Essay #1 - Buddhist Economics

Essay #1 - Buddhist Economics - Guerguy 1 Stephen Guerguy...

Info iconThis preview shows pages 1–3. Sign up to view the full content.

View Full Document Right Arrow Icon
Guerguy 1 Stephen Guerguy Professor Shaw Bus 186 29 February 2010 Buddhist Economics “The Middle Way,” a path of moderation between the extremes of self-indulgence and self- mortification, is one of the many concepts Buddhists follow in order to achieve nirvana. However, this path is not strongly represented outside of the Buddhist faith, especially when it comes to economics in a capitalist society. In E.F. Schumachers “Buddhist Economics,” the author explores the possibility of the two distinct concepts coupled together. In addition, Schumacher explains how both Buddhism & western economics provide their own interpretation on various topics, including labor, leisure, simplicity, & consumption. Schumacher has three main points throughout his paper. The first is integrated by explaining how modern Buddhist-dominated countries like Burma continue to integrate their ancient religious beliefs into a modern society. According to the Burmese, they can successfully blend “the religious and spiritual values of [their] heritage with the benefits of modern technology.” The author makes a point about how the two conceptual worlds contrast, yet can be successfully combined by the devout followers of the religion. By analyzing how blending modern technology with ancient religion can be done, he states that the world of Buddhism requires economics based off the religion, “just as the modern materialist way of life has brought forth modern economics.” Schumacher then reaches his second point: the concept of labor and leisure. According to Buddhism, one should only work to better himself, as his character is enhanced by his labor. However, this is only to a point. Rather than today’s accepted concept of people selling their labor for a price, Schumacher states that Buddhists believe if work becomes “meaningless, boring, or nerve-wrecking, [it is] little short of criminal.” While work is necessary for a man to develop as it helps his “purification of human character,” leisure is also of equal importance. Schumacher states that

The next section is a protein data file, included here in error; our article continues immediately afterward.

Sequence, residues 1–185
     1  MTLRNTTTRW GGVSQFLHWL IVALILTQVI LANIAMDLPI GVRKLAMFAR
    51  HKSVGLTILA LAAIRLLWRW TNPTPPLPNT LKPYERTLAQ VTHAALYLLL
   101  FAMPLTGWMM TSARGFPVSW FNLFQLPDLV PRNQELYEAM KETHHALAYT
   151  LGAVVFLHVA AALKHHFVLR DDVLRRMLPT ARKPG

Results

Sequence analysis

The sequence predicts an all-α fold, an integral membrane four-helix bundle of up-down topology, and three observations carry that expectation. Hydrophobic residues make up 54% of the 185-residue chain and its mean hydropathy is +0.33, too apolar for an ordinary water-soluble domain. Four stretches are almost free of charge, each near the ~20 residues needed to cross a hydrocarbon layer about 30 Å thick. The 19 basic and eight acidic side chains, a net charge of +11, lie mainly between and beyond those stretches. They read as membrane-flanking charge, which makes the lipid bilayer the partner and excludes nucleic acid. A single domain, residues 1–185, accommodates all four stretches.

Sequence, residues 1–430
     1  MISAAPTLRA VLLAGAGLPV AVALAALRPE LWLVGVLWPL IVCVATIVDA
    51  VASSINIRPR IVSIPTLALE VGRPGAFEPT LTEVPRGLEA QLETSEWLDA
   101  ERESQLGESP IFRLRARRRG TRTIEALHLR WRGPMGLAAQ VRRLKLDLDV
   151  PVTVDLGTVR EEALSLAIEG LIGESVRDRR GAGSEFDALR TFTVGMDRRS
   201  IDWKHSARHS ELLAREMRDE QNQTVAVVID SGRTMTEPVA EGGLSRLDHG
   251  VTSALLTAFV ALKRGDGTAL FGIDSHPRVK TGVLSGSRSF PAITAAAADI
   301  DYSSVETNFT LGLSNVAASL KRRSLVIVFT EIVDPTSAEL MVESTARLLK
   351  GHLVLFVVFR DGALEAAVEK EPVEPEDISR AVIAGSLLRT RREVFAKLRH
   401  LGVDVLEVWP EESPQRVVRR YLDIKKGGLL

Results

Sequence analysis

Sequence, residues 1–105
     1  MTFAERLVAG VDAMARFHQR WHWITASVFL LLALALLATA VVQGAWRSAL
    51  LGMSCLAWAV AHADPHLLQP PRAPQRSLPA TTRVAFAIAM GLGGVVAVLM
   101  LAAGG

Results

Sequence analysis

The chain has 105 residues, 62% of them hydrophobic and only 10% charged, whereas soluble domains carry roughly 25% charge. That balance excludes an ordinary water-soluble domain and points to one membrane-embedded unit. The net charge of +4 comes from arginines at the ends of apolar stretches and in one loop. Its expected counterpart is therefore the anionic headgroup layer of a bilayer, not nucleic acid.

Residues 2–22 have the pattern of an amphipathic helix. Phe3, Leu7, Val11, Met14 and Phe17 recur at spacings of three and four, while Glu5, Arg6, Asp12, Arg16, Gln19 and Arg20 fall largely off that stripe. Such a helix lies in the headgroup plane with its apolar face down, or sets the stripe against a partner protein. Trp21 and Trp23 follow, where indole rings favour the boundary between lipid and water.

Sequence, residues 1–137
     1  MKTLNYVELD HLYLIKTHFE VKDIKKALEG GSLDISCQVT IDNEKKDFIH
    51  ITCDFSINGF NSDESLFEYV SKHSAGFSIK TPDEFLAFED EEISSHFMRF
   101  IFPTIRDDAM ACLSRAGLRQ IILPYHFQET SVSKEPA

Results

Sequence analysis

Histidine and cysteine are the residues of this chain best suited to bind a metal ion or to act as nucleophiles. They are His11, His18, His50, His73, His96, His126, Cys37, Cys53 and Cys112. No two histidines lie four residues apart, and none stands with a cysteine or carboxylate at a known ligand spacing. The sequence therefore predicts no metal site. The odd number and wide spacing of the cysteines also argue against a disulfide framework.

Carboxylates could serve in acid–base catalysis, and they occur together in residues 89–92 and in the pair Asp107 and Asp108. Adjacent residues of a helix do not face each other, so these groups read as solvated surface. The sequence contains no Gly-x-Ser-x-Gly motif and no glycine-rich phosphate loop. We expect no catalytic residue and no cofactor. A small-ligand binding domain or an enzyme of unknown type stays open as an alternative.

Background image of page 1

Info iconThis preview has intentionally blurred sections. Sign up to view the full version.

View Full DocumentRight Arrow Icon
Guerguy 2 work and leisure are “complementary parts of the same living process.” In other words, in order to
Background image of page 2
Image of page 3
This is the end of the preview. Sign up to access the rest of the document.

This note was uploaded on 09/08/2010 for the course BUS 186 at San Jose State University .

Page1 / 4

Essay #1 - Buddhist Economics - Guerguy 1 Stephen Guerguy...

This preview shows document pages 1 - 3. Sign up to view the full document.

View Full Document Right Arrow Icon
Ask a homework question - tutors are online